Seed saving is a lot like storing wine. There are optimal conditions that help each preserve their unique potential. Don’t worry: it’s easy! So what are the seed saving techniques you need to know?
Heirloom or Hybrid
An heirloom seed is also called open-pollinated (OP). This means it will produce plants that are the same as the parent plant. Hybrid seeds are exactly what they sound like – crosses between two varieties.
When purchasing seeds, those that have “F1” after the name are hybrids. These won’t store. If you use these, they’re for planting immediately. Any that has “OP” or “Heirloom” in the catalog or on the label is good for storage.
Benefits of Saving Seeds
Saving seeds allows you to save money, and you’re not stuck waiting for the right type or price to come along. It also means you can foster genetic diversity in your garden. It’s also fun to be part of a seed-saving community. This lets you share seeds with others or trade them for seeds that can further increase your garden’s diversity.
Start saving seeds in the fall. This is when a flower or fruit-bearing plant will be spent and won’t be producing much more this year. This is typically once the plant is looking droopy and worn out. Certain plants will start doing this earlier in the year, whereas some will flower or produce more than once a year. It takes a little research to figure out the best seed harvesting time for each.
You’ll end up letting the vegetables you want to harvest for seeds go unused. They’ll ripen past the point of being good to eat anymore. Flowers you want to harvest for seeds shouldn’t have their blooms removed. Let them droop and weather for seed collection.
Annual or Biennial?
Annual seeds include a long list such as tomato, peppers, pumpkins, cilantro, cucumber, lettuce, radish, spinach, marigolds, and many more. These you can harvest seeds from the first year.
Biennial seeds mean you can’t harvest seeds from them until two years have passed. These include, but aren’t limited to, carrots, onions, beets, kale, and leeks.
Most flowers and a few vegetables require their seeds to be kept dry. Harvest seeds from these plants on a dry day. Cut off the flower head, or the beans, or peas, or whatever section contains the seeds. Place these in a paper bag. Just like storing wine, place it in a consistently dry place that gets air flow.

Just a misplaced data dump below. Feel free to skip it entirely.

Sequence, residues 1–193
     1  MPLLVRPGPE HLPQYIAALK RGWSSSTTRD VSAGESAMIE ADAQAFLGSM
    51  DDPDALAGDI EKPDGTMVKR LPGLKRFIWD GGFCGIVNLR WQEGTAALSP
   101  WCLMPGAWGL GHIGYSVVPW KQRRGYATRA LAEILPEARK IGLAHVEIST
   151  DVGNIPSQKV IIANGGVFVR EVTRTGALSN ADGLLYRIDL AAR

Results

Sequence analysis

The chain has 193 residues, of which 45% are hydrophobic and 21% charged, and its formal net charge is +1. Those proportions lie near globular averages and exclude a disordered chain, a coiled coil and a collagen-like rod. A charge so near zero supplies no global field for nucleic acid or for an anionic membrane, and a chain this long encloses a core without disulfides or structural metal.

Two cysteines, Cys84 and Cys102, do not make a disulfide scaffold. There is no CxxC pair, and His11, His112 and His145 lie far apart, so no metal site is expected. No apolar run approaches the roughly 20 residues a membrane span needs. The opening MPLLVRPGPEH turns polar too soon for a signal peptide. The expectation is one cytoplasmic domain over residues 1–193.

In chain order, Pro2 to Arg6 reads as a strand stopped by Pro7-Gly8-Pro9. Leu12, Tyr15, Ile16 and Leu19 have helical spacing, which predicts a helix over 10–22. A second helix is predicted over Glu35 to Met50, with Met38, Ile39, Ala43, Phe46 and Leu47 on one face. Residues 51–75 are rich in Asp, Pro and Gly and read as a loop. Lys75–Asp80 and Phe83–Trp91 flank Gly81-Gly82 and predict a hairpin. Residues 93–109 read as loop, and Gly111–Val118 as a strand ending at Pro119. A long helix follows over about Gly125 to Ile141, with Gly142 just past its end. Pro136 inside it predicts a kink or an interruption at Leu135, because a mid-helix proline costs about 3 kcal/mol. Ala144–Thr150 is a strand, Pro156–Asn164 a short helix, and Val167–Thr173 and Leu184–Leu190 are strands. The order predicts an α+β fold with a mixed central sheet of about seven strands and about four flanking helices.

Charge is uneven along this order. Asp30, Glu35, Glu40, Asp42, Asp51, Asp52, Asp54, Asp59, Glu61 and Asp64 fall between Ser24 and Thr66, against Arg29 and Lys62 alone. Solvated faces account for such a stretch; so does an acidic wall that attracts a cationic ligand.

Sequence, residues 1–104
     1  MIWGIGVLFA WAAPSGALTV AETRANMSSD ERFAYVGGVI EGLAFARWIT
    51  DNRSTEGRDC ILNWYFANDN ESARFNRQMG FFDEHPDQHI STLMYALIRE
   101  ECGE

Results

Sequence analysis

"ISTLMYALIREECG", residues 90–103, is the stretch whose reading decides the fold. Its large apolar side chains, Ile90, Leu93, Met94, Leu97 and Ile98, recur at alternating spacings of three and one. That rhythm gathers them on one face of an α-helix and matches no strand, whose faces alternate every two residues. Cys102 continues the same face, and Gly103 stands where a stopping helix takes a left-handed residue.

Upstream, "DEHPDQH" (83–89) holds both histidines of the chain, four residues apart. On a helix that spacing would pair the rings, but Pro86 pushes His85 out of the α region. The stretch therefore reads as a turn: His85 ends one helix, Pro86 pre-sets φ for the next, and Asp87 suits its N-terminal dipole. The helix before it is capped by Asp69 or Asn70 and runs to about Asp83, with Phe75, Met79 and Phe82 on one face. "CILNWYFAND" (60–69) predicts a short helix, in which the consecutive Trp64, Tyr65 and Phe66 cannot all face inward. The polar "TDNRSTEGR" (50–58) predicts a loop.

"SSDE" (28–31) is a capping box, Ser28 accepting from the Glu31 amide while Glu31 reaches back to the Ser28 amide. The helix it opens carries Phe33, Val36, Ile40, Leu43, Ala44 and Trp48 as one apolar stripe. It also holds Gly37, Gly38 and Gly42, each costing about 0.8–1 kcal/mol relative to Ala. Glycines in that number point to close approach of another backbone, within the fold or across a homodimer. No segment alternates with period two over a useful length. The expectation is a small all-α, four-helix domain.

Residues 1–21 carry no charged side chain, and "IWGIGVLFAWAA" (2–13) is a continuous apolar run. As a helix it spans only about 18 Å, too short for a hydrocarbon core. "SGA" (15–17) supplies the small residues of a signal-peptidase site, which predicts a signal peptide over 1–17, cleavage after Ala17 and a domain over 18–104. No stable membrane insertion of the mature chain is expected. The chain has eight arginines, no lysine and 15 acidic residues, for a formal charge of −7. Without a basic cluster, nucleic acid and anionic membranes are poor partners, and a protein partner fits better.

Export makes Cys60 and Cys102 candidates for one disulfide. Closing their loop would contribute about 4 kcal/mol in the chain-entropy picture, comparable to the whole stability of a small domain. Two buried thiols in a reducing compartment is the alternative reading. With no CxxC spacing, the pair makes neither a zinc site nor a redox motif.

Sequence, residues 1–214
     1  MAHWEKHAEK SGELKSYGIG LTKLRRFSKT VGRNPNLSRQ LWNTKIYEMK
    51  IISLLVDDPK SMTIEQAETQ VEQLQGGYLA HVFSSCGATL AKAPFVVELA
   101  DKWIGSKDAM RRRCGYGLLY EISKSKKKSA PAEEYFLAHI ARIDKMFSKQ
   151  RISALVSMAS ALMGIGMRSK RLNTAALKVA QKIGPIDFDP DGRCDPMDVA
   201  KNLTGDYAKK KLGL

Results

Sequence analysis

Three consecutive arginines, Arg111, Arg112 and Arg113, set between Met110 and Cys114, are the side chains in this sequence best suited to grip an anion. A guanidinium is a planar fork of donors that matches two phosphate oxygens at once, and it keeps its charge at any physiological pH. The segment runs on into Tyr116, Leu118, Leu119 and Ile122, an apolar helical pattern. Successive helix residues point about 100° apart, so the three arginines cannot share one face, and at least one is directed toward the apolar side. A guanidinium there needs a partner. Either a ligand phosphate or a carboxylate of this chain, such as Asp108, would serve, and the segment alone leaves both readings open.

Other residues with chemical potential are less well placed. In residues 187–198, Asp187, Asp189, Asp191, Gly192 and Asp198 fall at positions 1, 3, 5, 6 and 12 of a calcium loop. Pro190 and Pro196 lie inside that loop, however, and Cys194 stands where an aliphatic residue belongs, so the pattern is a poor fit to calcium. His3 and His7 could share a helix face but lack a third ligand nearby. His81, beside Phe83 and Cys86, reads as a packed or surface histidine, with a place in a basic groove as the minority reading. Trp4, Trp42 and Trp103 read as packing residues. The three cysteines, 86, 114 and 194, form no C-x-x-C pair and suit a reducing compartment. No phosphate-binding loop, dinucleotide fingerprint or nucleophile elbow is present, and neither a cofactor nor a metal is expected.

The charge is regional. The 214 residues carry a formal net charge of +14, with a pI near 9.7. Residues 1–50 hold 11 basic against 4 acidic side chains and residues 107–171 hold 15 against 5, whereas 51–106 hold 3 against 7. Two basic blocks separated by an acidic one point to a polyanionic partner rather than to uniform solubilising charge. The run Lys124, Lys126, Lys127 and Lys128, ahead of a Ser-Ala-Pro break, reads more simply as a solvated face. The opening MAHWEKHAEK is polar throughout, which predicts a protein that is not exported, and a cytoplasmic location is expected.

Once they’re fully dried, you’ll thresh and winnow the seeds by separating seed from plant material.
Wet seeds are typically used for fruits and vegetables that are fleshier in nature. Think tomatoes, pumpkins, and squash. After the plant has ripened, you’ll scoop out the seeds with a spoon (if you’ve ever made jack-o-lanterns for Halloween, this should be familiar). Wash the seeds after and rinse them in a sieve.
Next, you’ll ferment them by putting the seeds and some pulp in a jar of water. Put it somewhere where it will get warm (but not hot). Use a coffee filter or tissue paper to ensure it doesn’t turn into a buffet for fruit flies. After a few days, bubbles will form. Now you can rinse and clean the seeds again. Allow them to dry thoroughly, and then store the seeds via the dry seeds method.
Use what works: re-labeled seed packets, jars, envelopes, baggies. Just make sure that the storage method will keep the seeds absolutely dry. Check every week to ensure that they haven’t developed condensation or been exposed to moisture. Like storing wine, you also don’t want wild temperature swings or a hot storage space. The temperature should be steady and on the cool side.
You can freeze the seeds if you want, though it’s not necessary. Ensure the seeds are absolutely dry and the container is airtight if you do this. Otherwise, condensation can make moisture contract and expand in ways that crack the seed and make it unusable. When you thaw the seeds in spring, do so slowly by leaving them in a room temperature area.
Label each container appropriately. This means what seeds are stored there, and any special instructions to yourself about their care. When you’re done – again, like storing wine – turn the lights off to make sure the storage space is dark when not in use.
That’s all the seed saving techniques you need to know to begin. It should be easy to look up each plant whose seeds you want to save to determine if it’s heirloom, annual or biennial, and needs dry or wet storage.